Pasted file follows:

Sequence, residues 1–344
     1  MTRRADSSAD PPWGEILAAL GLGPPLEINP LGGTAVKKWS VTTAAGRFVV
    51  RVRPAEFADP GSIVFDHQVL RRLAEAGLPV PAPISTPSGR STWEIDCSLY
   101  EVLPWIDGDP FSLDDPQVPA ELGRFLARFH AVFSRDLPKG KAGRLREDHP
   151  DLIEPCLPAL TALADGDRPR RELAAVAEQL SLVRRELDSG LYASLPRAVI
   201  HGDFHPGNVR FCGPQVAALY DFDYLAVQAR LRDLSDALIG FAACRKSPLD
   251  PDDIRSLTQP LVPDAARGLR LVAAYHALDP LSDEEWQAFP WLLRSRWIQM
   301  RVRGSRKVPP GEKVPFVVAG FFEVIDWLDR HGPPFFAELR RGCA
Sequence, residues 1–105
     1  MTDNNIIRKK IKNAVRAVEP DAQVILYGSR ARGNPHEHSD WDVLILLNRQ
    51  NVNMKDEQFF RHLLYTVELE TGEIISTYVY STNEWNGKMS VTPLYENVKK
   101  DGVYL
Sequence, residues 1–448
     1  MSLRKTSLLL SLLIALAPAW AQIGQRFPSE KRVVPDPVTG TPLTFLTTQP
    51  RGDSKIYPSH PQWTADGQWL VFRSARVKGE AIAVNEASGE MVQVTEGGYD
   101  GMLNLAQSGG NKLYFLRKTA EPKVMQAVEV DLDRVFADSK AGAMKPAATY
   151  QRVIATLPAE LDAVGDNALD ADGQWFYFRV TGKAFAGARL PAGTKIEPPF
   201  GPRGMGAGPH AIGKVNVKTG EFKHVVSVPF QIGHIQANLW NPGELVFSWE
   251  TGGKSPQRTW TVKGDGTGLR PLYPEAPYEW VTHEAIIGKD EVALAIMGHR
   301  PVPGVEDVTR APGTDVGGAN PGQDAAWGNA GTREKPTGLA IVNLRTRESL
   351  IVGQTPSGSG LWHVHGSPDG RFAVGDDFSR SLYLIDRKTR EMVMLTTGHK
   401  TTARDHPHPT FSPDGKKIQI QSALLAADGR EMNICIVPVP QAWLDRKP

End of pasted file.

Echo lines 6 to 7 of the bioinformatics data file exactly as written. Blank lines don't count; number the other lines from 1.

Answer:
   201  HGDFHPGNVR FCGPQVAALY DFDYLAVQAR LRDLSDALIG FAACRKSPLD
   251  PDDIRSLTQP LVPDAARGLR LVAAYHALDP LSDEEWQAFP WLLRSRWIQM